• “In the Osterode camp, they picked about fifty people and took us to the Düderode village where we had to build a narrow-gauge railway. We were guarded by only four soldiers. Six men were carrying one segment of the tracks and we had to drop it at the same time all of us. Once, one lad got injured – he had a huge slash and I and a soldier had to accompany him to the camp for treatment. There was an American aircraft flying above our heads and I started waving at the pilot. He turned around and started shooting at us.”

  • Celé nahrávky
  • 1

    Praha, 12.03.2012

    (audio)
    délka: 52:34
    nahrávka pořízena v rámci projektu Stories of 20th Century
  • 2

    Hroznová ul., Praha , 21.10.2015

    (audio)
    délka: 01:54:04
    nahrávka pořízena v rámci projektu 10 pamětníků Prahy 10
Celé nahrávky jsou k dispozici pouze pro přihlášené uživatele.

You have to remain joyful under all circumstances

As Jánošík (from Jiří Mahen's play directed by Jan Strejček)
As Jánošík (from Jiří Mahen's play directed by Jan Strejček)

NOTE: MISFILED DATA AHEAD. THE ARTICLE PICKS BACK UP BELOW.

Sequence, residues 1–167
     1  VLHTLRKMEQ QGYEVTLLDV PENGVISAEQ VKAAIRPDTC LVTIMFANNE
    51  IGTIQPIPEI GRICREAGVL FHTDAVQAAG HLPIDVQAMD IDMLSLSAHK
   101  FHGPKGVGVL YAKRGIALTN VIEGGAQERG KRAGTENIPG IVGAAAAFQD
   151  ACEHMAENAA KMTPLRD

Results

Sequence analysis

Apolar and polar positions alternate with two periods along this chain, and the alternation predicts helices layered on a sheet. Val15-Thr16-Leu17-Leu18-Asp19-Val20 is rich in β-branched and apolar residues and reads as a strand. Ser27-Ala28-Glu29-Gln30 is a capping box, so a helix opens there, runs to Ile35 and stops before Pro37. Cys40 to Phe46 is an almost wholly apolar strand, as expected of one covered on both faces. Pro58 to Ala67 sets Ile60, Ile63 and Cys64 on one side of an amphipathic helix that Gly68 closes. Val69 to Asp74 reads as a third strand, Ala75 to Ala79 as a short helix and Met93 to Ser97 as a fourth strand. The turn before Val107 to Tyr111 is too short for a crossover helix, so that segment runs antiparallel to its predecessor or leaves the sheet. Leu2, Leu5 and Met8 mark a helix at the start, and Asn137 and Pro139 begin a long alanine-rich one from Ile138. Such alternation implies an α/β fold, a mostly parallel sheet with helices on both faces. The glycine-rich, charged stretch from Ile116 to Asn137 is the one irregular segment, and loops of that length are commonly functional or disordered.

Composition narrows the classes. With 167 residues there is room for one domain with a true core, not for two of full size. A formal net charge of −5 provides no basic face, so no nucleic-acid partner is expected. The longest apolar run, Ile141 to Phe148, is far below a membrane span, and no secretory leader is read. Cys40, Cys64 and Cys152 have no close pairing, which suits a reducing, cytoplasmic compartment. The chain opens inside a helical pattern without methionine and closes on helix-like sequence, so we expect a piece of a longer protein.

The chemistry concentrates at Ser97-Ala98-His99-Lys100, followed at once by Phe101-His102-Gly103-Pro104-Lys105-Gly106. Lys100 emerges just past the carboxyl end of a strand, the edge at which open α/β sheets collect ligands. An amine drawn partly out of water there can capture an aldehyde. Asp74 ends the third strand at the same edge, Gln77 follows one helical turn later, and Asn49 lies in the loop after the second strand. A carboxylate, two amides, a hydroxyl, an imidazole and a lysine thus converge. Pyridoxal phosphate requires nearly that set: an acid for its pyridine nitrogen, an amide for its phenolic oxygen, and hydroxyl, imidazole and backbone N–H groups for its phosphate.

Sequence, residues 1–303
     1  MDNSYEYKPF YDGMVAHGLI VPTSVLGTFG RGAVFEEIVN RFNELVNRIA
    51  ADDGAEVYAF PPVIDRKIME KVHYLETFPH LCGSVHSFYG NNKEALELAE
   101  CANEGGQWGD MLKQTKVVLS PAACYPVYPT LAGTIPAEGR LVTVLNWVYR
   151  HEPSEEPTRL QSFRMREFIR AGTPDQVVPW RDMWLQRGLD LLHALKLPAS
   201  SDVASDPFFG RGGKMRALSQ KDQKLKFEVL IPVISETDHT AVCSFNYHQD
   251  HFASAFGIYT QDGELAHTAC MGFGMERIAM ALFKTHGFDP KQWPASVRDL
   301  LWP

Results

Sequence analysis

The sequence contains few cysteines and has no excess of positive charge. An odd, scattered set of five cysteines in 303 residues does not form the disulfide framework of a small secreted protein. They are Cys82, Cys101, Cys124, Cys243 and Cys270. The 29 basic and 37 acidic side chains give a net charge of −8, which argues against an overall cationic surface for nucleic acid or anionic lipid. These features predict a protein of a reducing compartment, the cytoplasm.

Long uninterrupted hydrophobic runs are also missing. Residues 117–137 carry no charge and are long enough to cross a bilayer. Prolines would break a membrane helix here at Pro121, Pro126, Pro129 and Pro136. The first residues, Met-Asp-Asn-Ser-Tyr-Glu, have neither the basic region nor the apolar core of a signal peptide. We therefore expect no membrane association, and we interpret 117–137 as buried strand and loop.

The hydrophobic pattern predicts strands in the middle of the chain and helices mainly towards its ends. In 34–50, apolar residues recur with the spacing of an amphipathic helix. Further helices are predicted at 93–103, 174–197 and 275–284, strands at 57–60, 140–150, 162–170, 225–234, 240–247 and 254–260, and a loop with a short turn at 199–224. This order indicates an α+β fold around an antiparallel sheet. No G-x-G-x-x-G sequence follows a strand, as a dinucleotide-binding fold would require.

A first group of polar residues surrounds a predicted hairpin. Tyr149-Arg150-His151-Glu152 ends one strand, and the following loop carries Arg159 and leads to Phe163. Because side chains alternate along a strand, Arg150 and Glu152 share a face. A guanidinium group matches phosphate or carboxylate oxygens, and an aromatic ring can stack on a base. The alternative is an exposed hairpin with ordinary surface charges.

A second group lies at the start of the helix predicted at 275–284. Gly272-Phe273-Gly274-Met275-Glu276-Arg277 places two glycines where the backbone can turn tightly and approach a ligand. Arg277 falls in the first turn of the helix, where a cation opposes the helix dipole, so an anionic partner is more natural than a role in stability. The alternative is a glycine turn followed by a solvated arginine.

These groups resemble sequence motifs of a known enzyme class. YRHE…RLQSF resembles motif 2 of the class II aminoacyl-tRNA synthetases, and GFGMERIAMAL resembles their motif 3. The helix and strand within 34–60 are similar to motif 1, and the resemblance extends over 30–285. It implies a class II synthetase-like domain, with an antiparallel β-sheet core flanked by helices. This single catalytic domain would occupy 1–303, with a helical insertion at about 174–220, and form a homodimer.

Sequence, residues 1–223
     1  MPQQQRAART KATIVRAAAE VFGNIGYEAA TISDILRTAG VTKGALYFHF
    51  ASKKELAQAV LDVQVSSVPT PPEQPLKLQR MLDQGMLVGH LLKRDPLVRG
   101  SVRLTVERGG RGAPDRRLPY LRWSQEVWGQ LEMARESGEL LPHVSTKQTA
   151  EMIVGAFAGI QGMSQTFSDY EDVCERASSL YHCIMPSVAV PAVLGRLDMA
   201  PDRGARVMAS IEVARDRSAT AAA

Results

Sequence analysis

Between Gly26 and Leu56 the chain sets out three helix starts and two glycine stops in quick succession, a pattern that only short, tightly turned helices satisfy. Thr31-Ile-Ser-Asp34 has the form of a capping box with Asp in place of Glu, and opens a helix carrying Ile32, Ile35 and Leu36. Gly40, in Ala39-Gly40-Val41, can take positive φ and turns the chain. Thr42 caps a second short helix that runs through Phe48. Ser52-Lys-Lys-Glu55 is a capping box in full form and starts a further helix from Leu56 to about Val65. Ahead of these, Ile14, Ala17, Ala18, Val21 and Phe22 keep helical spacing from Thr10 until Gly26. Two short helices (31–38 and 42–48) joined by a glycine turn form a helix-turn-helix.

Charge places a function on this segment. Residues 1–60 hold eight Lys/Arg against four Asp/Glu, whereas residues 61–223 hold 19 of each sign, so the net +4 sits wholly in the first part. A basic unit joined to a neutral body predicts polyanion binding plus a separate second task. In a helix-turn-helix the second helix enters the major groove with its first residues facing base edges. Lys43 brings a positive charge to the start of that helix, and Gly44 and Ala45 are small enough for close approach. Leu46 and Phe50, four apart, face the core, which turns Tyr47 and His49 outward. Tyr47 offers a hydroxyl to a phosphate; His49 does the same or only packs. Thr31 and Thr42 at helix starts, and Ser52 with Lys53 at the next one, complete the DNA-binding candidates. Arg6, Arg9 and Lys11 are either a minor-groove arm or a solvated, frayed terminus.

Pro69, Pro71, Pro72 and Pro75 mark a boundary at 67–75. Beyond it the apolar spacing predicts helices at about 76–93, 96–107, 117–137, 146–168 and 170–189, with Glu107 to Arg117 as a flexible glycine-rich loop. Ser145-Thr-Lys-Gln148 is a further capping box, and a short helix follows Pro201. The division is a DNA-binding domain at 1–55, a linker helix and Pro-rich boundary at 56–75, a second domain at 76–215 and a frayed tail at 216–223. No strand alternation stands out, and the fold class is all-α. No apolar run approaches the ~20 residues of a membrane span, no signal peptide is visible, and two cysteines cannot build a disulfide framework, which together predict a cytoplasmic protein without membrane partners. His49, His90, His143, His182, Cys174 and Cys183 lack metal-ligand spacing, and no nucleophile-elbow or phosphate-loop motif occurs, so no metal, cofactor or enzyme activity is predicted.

Jan Skopeček was born on September 19, 1925, in Litoměřice. In 1933, his family moved to Horní Jelení in eastern Bohemia and later to Prague. By the age of sixteen, Jan was forced to work in a factory belonging to the Walter company in Jinonice. In 1943, he was sent for work for half a year to the Gebrüder Schäfer Nürtingen company located near Stuttgart. After he returned back home, he was sent to the Kleinstein concentration camp near Osterode because of his Jewish roots. After the end of the war he came back to Prague but soon thereafter he found a job as an actor in the region of Moravia - at first he worked in Brno, then in Přerov and since 1947 in Jihlava. In the Horácké Theatre in Jihlava he met his future wife, Věra Tichánková. They both had a role in the performance „Hrátky s čertem“ (Playing with the Devil). In 1949, they co-founded the Divadlo pod Palmovkou Theatre in Libeň. Jan Skopeček also briefly performed in the Jewish Akropole. He spent a part of his compulsory military service in Vinohrady in what used to be the Czechoslovak Military Theatre (Divadlo československé armády). He performs in the Divadlo pod Palmovkou Theatre still today as well as in the Strašnické divadlo Theatre and he is the host of many other Prague stages. In the course of his career, he managed to play over 600 theatre, film and TV roles. Besides acting, he‘s also interested in literature. He wrote six theater plays (for instance „Záhada červeného pudru“ - the Mystery of the Red Powder) and a couple of broadcast plays. Among his most famous TV roles are „Tři chlapi v chalupě“ (Three Men in a Cabin), that was followed by the motion picture Tři chlapi na cestách (Three Men on the Road) in 1973. He also played in the movies „Dobrý voják Švejk“ (The Good Soldier Švejk), „Vyšší princip“ (The Higher Principle), „Tažní ptáci“ (Migrating Birds), „Tajemství hradu v Karpatech“ (The Secret of the Castle in Carpathians). He also appeared in the movies: „Kdo chce zabít Jessie?“ (Who Wants to Kill Jessie?), „Marečku, podejte mi pero“ (Marečku, Would you Hand me the Pen?), „Drahé tety a já“ (Dear Aunts and Me), „Dobří holubi se vracejí“ (Good Pigeons do Come Back), „Zítra to roztočíme, drahoušku“ (We‘ll Have a Blast Tomorrow Darling) or in the fairytale „S čerty nejsou žerty“ (There‘s No Joking with the Devils). He also played in a number of soap operas like „Klapzubova jedenáctka“ (Klapzba‘s Crew of Eleven), „Byl jednou jeden dům“ (There Once Used to be a House) and many others. He also played in more recent productions like the trilogy „Kameňák“, „Bobule“, „Vrásky z lásky“ and others.